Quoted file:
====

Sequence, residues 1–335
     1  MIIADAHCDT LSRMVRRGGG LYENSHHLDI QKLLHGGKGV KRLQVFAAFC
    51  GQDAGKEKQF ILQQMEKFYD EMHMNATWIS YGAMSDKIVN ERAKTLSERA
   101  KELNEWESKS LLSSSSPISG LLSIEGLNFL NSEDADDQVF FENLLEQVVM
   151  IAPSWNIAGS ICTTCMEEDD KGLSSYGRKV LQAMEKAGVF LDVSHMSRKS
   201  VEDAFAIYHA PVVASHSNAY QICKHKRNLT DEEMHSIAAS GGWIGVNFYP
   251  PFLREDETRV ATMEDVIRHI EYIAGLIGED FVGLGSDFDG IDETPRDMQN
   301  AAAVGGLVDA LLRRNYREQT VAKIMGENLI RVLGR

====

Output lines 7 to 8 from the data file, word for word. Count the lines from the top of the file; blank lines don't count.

   251  PFLREDETRV ATMEDVIRHI EYIAGLIGED FVGLGSDFDG IDETPRDMQN
   301  AAAVGGLVDA LLRRNYREQT VAKIMGENLI RVLGR